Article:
Why Don’t More Franchisors Disclose Franchisee Results?
by Ed Teixeira
An Item 19 disclosure is an optional franchisor disclosure made in the
Franchise Disclosure Document (“FDD”). It presents the financial performance of
the franchisor affiliates, franchisees and company-owned units. It’s been
reported that 25-40% of franchisors make a disclosure under Item 19. Based upon
various discussions with industry experts I will err on the conservative side
and say it’s probably around 30%.
There are numerous reasons why more franchisors don’t provide an Item 19
- Difficulty in obtaining consistent and credible data from
the franchisees. The fear that some data is not accurate.
- Complexity of gathering, verifying and presenting the data
especially on the part of large franchise systems.
- Disclosing financial data that can be viewed by competitors.
- Mixed financial results, whereby some franchisees perform
- Reluctance to project future financial performance to
- Impacting the due diligence process of prospective
franchisees, whereby some could be swayed by the disclosure when
making a decision to purchase the franchise.
I expect these reasons will continue to play a role in the decision not to
make an Item 19 disclosure.
Franchisor benefits from an Item 19 disclosure:
- Can provide credible financial data to franchise prospects
(providing it’s verified).
- Sets the franchisor apart from those franchisors that fail
to make this disclosure.
- Can accelerate the franchise prospects due diligence
- Forces the franchisor to gather franchisee financial results
and thus better monitor the network.
- Can boost the sale of new franchises.
- Can be used by the franchise prospect to conduct a more
thorough financial analysis.
Despite these benefits, the fact remains that the majority of franchisors
will most likely refrain from making a disclosure under Item 19. Some franchise
attorneys believe that more franchisors will make a financial disclosure as they
seek to sell more franchises. They may believe that an Item 19 disclosure can be
an advantage to their development staff in the sale of new franchises.
There are some who feel that an Item 19 disclosure should be mandatory for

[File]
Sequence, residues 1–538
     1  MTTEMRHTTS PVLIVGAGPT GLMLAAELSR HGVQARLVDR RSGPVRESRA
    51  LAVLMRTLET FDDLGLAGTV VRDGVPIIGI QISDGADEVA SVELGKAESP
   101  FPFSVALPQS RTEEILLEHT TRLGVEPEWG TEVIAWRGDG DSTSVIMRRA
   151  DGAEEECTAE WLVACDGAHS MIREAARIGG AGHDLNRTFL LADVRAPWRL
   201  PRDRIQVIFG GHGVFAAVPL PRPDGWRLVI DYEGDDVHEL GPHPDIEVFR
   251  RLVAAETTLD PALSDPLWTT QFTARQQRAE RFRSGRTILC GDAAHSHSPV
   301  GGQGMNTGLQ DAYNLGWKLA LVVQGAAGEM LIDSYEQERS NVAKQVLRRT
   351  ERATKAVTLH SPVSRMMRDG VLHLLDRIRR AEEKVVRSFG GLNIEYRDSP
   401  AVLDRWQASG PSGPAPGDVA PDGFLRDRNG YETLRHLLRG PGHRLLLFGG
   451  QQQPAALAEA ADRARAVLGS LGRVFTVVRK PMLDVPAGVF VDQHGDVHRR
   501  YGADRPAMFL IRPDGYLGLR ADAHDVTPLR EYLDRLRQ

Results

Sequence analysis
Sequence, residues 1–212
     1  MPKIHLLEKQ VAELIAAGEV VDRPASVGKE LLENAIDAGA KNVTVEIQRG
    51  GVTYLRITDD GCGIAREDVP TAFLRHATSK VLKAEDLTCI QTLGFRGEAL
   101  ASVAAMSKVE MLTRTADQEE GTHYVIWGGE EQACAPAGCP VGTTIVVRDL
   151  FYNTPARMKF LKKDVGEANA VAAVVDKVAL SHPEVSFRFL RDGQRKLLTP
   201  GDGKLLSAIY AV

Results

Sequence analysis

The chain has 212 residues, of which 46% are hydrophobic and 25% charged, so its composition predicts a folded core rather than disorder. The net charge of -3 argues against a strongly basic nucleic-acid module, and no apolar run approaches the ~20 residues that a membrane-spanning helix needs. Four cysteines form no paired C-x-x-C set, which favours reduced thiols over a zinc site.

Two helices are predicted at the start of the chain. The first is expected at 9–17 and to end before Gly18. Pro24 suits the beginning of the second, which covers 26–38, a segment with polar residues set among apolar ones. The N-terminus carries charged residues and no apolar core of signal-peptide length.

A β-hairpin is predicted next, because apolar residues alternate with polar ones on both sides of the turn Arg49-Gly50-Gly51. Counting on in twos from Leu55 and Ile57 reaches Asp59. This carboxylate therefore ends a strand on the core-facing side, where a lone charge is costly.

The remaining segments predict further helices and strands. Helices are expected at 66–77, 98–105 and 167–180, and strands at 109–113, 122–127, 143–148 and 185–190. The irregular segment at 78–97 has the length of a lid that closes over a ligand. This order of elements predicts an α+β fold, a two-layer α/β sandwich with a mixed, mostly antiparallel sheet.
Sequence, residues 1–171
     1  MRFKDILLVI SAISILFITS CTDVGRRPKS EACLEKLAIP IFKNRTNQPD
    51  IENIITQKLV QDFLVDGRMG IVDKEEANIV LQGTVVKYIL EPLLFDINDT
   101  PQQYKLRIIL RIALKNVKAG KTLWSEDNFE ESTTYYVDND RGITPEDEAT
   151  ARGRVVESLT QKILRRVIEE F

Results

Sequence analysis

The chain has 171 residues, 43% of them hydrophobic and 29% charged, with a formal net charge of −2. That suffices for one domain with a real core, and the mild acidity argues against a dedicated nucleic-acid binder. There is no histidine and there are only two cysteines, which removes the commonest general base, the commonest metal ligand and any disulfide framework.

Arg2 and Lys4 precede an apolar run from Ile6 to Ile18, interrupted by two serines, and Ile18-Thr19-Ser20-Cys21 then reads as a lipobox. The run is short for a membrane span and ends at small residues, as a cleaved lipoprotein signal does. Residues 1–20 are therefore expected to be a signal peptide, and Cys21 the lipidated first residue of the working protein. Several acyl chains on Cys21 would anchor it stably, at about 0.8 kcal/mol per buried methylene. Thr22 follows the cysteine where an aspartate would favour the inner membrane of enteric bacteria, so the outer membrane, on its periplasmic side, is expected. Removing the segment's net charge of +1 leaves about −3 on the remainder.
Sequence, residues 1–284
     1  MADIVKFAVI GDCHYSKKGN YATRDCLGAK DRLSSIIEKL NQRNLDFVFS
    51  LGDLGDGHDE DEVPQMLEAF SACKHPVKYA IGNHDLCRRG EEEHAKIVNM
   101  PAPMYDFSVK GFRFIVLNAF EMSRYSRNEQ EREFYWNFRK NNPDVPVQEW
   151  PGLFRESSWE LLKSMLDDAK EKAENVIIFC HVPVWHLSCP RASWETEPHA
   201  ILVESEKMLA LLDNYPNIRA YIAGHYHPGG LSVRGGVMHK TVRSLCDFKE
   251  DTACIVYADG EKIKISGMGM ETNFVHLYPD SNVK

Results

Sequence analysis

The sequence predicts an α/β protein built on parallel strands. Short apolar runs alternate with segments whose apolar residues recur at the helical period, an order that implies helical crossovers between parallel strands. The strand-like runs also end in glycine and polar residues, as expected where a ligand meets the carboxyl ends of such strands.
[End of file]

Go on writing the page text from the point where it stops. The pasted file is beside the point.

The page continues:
franchisors based upon certain qualifying factors such as size and tenure as a
franchisor. Although a case could be made for mandatory disclosure the fact
remains that the requirements necessary to regulate and audit compliance would
be an unlikely position for the FTC or other regulators to take. Then again, is
it truly necessary? There are options that enable a franchisor to provide
important financial data to prospects.
Under the amended FTC Rule franchisors can provide prospective franchisees
operating cost estimates, such as for labor, ingredients and products, so long
as this information is not presented as a percentage of gross revenues. If it is
then an Item 19 disclosure must be made. Additionally, a franchisor can provide
the prospective franchisee with a price list for its product line. If the
franchisor does provide prospective franchisees with cost and expense
information, the information must be consistent with the information contained
in Items 5, 6, and 7 of its FDD. Cost information in combination with additional
FDD disclosures can enable a franchise candidate to construct financial
In addition, a franchisor can make an Item 19 disclosure for revenue only. By
providing revenue figures a prospective franchisee has a basis to develop a
break even and cash flow projection. Some franchisors list franchisee revenue
without identifying the franchisee by name or location. This is a rather simple
process that a franchisor can follow.
When a franchisor refuses to provide the most basic financial information to
prospective franchisees some consider this to be a red flag. It creates the
perception of negative financial results from their franchise network.
Vincent DeBiase, a franchise attorney with
Corbally, Gartland & Rappleyea, LLP says: “When I'm representing a
potential franchisee, unless the franchise being considered is a relatively new
concept or has few franchisees, I have a bias against franchisors that don't
make Item 19 disclosures. On the other hand, when I'm representing a
franchisor, I caution them to avoid Item 19 disclosures unless they feel
absolutely confident that there is a reasonable basis for the representations
they are making and they have the data on hand to back those representations
I would suggest that this response mirror’s what most franchise attorneys
would say depending upon the client they represent.
Jeff Connally, President and CEO of
CMIT Solutions states: “CMIT does provide financial performance data
in Item 19 and has for several years. We provide the cost and current retail
value of our flagship service offerings thereby giving the franchise candidate
the basic “unit economics” upon which to build their business plan. During the
discovery process the franchise candidate is able to confirm their assumptions
(regarding rate of client acquisition & other business model assumptions) with
our existing franchise partners.
We believe that this approach to financial disclosure engages the potential
franchise owner in the development of a realistic business plan, and avoids the
potential for miss-understandings”
Whether franchisors should make a disclosure under Item 19 will continue to
be a controversial topic, based upon which side one represents. Recent changes
to the Franchise Rule have made it easier for franchisors to present cost data
without being accused of making an “Earnings Claim.” On the other hand,
presenting franchisee revenue under Item 19 can be useful to prospective
These two items would provide important information to franchise prospects
and add credibility to the franchisor.
© 2010 FranchiseKnowHow, LLC
Ed Teixeira is the President of FranchiseKnowHow, LLC. He
can be reached at